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cyrus3v
03-19-2012, 06:13 PM
Hi,

I just start testing and play a little with Fryrender and Arion. Can anyone give some tips to create those fantastic renders.

For example, how to I reduce the grain? If we have an interior render, do you use only the sun?

Any help will be appreciated

Thanks in advance.

Darkmalan
03-21-2012, 05:25 PM
Hi, I dont have any experience with using Fryrender but I do with Maxwell Render which is similar in a lot of ways.

Im sure you are aware that Fryrender is an unbiased renderer meaning that it does not use any approximations to create the final image. It does not use photon mapping, light caching or irradiance mapping for example.

The upside to this is very accurate renders with a downside of renders taking a long time to render. I would say depending on your workstation to expect an interior scene to take at least 7 house at worst 20 hours (based on an 8 core processor). This is because the image will get cleaner over time reducing the amount of noise. So basically you just have to wait for the noise to clear up in the render

As far as lighting goes, the more indirect light there is in the scene the longer it will take for the noise to clear in the render as more light bounces need to be completed to give a good result. One workaround for this is to add emitters just outside of the windows to add more direct light into the room. The downside to this is that the light will be very soft and diffuse which may not be the desired look.

You can also add fills lights in the scene out of the way of the camera and reflections in the same way that photographers do. This will also help to clear noise faster as there will be even more direct light in the scene

Hope this helps

cyrus3v
04-04-2012, 04:50 PM
Hi, I dont have any experience with using Fryrender but I do with Maxwell Render which is similar in a lot of ways.

Im sure you are aware that Fryrender is an unbiased renderer meaning that it does not use any approximations to create the final image. It does not use photon mapping, light caching or irradiance mapping for example.

The upside to this is very accurate renders with a downside of renders taking a long time to render. I would say depending on your workstation to expect an interior scene to take at least 7 house at worst 20 hours (based on an 8 core processor). This is because the image will get cleaner over time reducing the amount of noise. So basically you just have to wait for the noise to clear up in the render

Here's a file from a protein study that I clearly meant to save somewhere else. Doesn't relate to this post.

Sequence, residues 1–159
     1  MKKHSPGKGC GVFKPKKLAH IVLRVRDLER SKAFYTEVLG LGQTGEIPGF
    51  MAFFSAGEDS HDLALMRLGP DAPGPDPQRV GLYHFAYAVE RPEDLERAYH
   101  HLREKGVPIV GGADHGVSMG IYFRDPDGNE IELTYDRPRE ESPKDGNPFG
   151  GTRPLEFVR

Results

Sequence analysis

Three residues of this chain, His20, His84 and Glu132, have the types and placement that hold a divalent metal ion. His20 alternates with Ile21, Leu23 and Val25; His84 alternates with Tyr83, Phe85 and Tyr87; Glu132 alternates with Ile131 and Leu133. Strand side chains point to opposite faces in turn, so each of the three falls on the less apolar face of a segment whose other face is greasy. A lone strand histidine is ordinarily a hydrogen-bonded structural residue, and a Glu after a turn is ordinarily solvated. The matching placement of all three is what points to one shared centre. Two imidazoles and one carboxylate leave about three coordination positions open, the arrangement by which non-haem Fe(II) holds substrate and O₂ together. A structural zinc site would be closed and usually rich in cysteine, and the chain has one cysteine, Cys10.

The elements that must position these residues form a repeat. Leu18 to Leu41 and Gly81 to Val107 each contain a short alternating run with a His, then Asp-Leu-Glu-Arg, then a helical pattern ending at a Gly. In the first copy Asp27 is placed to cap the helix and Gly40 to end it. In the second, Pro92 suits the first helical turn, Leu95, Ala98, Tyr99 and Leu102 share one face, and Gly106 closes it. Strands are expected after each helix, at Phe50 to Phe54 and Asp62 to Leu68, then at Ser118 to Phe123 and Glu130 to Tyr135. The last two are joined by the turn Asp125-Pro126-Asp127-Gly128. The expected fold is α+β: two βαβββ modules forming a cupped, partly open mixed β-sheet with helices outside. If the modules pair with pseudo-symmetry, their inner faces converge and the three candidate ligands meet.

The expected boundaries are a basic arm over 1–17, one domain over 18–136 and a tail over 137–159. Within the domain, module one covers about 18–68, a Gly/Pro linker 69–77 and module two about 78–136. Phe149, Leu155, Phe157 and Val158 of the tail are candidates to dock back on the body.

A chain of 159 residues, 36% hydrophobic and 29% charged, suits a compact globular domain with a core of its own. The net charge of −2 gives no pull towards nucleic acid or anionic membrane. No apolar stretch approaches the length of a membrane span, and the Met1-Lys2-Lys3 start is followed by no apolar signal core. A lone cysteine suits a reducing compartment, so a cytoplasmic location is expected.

As far as lighting goes, the more indirect light there is in the scene the longer it will take for the noise to clear in the render as more light bounces need to be completed to give a good result. One workaround for this is to add emitters just outside of the windows to add more direct light into the room. The downside to this is that the light will be very soft and diffuse which may not be the desired look.

You can also add fills lights in the scene out of the way of the camera and reflections in the same way that photographers do. This will also help to clear noise faster as there will be even more direct light in the scene

Hope this helps

Hi Darkmalan,

first of all sorry about the delay in answering your reply.

Yes I know that Fryrender is an unbieased render and that the renders take much more time, but I didn't have the idea of time that it takes to create a clean image. :\ In my machine after 4 hours of rendering, the image still had some noise so I thought, well maybe is some tweaking that I need to do. But if one single images take 20 hours no wonder why my image was with noise.

But a big thanks for the tips about how to remove noise from the image. I think that right now with a Core2Duo I don't have PC do try this kind of unbieased render.

By the way, I was trying to render this scene.

http://forums.cgsociety.org/showthread.php?f=43&t=1044298

Darkmalan
04-04-2012, 07:25 PM
Yes I'm afraid its just the way it goes with unbiased renders at the minute we definately need patience!

From my experiences though (Maxwell Render again) I find that setting up lighting, tweaking materials and doing render settings with Vray ends up taking as long as it does to just leave the computer rendering for a couple of nights. I find the materials and lighting very quick to set up with unbiased engines so the time I spend in biased and unbiased renderers ends up being the same just spent in different ways. ( maybe down to a lack of experience with Vray on my part...)

Obviously animations are out of the question but really its just a matter of waiting not much else to say really :)

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